The scary thing is, we have no idea how many such cases like these there are. The only reason this matter became public and went before the courts is because of the following chain of events:

  1. The Sao Paulo consulate explicitly documented their racist and arbitrary visa policies
  2. Olsen was stationed in Sao Paulo
  3. Olsen had the moral courage to refuse to apply racist and arbitrary visa policies
  4. State fired Olsen for his courageous stance
  5. Olsen sued State for wrongful termination, and did not accept a private settlement

If any one of those had not happened, we would never have heard about this. Under US law, consular decisions are not subject to judicial review, and there is no appeals process. The racist and arbitrary nature of visa policy only came before the court because it was at issue in Olsen’s allegation of wrongful termination — not because the court was reviewing visa policy or specific visa denials, something the court had absolutely no legal right to do.

There is literally more due process and transparency involved in applying for a US government secret security clearance than there is in applying for a tourist or student visa. Anyone who has their clearance application denied is allowed to appeal, and the findings of these hearings are documented and made public. Until the courts told the US government that they were simply going too far, immigrants were not even allowed to see the evidence that the US government had used in deciding to deny their visa. The US government’s position until 2011 literally was:

  1. Appeals against denied security clearances are public matters, and the evidence behind the government’s decision needs to be public by default
  2. Appeals against denied visas are a threat to national security, and the government should not make public any evidence without undergoing the tortuous Freedom of Information Act process

The people whose visas were denied by the Sao Paulo consulate are in all likelihood the tip of the iceberg. Because there is no appeals process and the US government hides the visa adjudication and decision-making processes behind a veil of “national security” that doesn’t even apply to top secret security clearances, we have no way of knowing how many other US consular outposts might be enforcing similarly arbitrary or racist policies. Considering the opacity and dictatorial discretion here, it would be surprising if Sao Paulo was the only one. Every year, 1 to 2 million people are denied US visas for no real reason — they’ve passed criminal background checks, they’ve passed medical checks — the consular officer reviewing their application just felt like turning them down.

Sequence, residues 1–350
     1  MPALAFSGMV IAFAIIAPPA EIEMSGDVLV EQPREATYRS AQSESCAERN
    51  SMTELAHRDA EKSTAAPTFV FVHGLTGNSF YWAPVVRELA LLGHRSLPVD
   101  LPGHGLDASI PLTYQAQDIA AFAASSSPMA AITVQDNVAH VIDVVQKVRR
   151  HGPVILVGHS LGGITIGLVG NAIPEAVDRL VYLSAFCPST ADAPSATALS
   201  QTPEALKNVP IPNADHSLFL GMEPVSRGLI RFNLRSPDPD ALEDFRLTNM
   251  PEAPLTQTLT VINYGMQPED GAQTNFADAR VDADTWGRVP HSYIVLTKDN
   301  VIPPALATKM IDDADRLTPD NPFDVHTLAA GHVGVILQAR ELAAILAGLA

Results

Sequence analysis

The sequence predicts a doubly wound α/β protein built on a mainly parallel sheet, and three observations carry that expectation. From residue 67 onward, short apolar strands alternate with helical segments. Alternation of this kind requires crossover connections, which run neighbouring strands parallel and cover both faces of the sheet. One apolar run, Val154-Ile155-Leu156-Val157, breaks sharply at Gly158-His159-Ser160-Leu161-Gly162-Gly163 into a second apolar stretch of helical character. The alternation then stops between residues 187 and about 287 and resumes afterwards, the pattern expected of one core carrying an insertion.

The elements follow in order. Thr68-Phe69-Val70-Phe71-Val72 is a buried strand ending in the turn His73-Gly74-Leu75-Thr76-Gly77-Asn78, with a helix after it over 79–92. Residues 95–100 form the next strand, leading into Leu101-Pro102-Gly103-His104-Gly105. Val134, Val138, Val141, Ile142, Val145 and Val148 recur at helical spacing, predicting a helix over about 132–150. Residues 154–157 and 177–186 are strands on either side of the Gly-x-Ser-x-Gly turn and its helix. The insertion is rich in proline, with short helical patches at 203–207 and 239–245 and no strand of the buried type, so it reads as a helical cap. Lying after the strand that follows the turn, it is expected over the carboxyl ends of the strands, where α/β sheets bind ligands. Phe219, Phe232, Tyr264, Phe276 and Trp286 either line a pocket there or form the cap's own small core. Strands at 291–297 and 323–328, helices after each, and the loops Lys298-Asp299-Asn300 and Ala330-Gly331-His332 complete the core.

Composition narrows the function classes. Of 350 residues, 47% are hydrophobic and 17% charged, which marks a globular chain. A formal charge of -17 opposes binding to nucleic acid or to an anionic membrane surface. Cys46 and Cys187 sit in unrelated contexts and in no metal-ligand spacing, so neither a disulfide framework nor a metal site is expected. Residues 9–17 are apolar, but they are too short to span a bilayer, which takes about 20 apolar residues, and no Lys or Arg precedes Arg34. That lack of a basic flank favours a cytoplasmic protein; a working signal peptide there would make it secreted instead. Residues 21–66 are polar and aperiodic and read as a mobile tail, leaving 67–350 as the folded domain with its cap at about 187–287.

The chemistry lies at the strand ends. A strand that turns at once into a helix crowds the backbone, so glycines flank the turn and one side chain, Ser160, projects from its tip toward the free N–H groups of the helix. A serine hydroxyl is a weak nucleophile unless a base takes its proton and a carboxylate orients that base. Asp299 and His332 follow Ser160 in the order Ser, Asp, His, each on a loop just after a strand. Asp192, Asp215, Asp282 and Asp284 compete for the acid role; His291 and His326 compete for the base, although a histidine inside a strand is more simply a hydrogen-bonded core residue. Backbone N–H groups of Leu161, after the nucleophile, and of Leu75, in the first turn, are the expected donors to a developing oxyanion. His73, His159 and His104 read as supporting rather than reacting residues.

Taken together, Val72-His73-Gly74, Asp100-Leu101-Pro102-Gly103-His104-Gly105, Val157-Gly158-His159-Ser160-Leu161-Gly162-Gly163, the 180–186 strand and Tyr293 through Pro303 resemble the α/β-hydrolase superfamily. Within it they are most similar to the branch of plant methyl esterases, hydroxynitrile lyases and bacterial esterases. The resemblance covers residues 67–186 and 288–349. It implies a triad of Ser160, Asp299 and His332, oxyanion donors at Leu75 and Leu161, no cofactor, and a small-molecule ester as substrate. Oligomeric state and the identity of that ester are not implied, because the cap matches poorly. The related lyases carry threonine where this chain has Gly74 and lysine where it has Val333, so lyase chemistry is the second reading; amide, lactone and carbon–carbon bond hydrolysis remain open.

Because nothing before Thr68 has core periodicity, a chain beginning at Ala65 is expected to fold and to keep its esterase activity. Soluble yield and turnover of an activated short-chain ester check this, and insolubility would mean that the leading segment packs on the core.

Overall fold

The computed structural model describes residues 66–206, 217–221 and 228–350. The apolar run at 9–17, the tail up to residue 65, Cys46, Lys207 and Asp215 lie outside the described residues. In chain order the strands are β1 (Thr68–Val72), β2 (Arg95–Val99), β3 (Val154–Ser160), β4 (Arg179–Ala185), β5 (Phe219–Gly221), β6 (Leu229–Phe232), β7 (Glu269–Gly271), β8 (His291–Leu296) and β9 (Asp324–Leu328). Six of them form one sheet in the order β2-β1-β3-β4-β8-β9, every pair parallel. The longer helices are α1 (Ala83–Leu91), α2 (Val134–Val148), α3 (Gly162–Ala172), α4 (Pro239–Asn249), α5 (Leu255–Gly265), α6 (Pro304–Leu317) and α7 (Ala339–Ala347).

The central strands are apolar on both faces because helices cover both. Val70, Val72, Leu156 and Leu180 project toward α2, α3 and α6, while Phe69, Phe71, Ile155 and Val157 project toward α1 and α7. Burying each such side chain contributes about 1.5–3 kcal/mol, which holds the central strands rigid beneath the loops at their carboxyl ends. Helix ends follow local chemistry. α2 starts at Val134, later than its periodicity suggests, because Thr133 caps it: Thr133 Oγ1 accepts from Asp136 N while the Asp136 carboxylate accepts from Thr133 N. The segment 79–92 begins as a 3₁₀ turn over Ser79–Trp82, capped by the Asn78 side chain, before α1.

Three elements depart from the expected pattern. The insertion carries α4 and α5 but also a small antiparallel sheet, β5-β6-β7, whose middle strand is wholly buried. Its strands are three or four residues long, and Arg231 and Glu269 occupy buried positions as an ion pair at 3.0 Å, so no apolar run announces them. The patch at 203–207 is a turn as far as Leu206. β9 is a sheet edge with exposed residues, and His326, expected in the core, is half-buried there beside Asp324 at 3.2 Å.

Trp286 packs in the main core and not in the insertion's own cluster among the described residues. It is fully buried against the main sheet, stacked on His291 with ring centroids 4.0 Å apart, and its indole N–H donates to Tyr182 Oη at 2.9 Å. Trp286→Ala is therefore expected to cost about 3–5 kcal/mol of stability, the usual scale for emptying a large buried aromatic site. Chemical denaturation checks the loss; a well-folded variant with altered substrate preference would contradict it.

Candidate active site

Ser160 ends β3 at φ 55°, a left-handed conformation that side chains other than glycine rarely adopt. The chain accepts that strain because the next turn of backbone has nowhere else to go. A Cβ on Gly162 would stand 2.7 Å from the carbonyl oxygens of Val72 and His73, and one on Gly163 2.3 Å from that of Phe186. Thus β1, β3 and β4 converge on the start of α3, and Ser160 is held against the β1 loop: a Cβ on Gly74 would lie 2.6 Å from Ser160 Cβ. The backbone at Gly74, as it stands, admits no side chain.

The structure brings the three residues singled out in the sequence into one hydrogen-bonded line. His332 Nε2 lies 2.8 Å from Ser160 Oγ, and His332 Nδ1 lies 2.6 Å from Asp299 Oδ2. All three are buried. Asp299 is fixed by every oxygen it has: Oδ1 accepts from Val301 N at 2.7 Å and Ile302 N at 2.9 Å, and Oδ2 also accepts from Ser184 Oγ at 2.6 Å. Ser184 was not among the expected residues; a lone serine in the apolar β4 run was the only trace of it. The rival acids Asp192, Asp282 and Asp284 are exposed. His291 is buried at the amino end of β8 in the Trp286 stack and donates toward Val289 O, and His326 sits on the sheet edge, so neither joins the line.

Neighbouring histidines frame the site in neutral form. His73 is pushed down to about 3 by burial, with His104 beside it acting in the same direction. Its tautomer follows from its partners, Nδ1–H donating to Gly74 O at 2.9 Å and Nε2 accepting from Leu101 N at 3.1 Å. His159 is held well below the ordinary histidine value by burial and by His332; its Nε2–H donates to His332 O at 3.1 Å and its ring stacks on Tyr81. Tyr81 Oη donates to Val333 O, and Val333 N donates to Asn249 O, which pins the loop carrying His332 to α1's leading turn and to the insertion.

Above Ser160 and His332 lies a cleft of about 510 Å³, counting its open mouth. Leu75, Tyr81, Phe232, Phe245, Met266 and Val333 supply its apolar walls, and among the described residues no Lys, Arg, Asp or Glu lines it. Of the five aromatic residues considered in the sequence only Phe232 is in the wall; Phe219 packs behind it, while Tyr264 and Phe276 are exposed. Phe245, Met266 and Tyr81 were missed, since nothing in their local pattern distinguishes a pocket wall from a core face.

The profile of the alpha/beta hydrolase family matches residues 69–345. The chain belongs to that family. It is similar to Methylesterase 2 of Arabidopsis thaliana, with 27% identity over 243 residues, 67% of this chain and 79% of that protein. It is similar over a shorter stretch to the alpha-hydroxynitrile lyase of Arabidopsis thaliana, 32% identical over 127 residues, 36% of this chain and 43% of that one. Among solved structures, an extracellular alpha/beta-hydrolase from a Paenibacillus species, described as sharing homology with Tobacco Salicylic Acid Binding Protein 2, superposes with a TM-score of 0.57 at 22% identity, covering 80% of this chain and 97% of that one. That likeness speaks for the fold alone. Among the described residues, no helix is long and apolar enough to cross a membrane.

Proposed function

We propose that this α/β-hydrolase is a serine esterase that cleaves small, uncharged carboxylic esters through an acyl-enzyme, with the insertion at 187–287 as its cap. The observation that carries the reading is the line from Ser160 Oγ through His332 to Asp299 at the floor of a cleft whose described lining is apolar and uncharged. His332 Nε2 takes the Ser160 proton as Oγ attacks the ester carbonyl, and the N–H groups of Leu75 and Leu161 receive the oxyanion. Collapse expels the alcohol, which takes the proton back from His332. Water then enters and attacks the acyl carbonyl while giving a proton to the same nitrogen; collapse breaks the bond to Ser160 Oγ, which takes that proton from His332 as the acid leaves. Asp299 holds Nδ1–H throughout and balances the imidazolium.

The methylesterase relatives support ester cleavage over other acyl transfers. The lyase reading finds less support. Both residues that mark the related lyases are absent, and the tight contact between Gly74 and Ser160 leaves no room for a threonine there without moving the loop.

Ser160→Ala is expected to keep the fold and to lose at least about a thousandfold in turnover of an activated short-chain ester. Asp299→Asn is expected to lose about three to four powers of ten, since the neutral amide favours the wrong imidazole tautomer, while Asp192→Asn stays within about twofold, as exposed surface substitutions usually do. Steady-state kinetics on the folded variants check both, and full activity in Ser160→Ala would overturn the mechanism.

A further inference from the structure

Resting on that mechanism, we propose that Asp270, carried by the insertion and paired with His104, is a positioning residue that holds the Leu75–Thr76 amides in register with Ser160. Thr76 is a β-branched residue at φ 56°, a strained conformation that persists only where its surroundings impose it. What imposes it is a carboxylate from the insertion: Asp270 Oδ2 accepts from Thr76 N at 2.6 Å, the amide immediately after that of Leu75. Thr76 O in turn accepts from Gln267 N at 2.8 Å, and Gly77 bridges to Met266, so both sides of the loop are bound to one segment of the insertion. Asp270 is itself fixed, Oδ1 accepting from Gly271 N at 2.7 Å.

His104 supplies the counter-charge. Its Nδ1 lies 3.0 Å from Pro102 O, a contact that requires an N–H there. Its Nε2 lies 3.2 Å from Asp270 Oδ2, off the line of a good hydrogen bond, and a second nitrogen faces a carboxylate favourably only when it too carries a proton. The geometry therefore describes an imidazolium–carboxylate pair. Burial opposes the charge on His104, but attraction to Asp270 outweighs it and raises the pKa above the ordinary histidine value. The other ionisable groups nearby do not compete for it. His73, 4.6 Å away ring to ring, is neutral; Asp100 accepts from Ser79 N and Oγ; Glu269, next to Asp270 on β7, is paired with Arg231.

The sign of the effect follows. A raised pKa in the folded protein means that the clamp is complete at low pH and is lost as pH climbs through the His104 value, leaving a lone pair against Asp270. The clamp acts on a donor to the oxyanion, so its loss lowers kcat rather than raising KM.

The victims of racist and arbitrary immigration policies here are not just immigrants — people who want to be with their friends and family, people who want to earn an honest living. They are also people who simply wanted to visit or study in the US. They had family they needed to see, places they wanted to visit, business partners they needed to meet, classes they needed to attend. And all because they “Look Really Poor” — not because they posed any sort of threat to the US. US policy is that they have no channel for appeal — even if, as one immigration lawyer puts it, “the denial was based on a consular officer’s mistake of fact or a misunderstanding of the law, or even if the officer acted capriciously, arbitrarily, or maliciously”.

Yes, we can improve immigration policy by limiting consular discretion, and guaranteeing more due process. Making the evidence used to deny visas public, and allowing visa denials to be appealed would be a good start. But even these improvements are playing at the margins. We need to abolish immigration policies that assume all foreigners are evil or criminal until they prove conclusively otherwise. As long as we continue to make the assumption that billions of people around the world are guilty until proven innocent, we cannot have any true “due process.” Perhaps the benefits of this manifest injustice outweigh the costs. But there is no evidence, no analysis, truly showing that that is the case. Until you can show me why we should throw fundamental due process protections out the window — why the benefits of making visa decisions in secret behind closed doors, based on arbitrary criteria like race or physical appearance, outweigh the costs — I can only conclude that the immigration policy status quo is an affront to the most basic principles of any civilised justice system.

The cartoon featured at the top of this post depicts a Chinese immigrant being refused entry to the United States, and was published in 1882.

John Lee is an administrator of the Open Borders website. Liberal immigration laws are a personal passion for him. See all blog posts by John.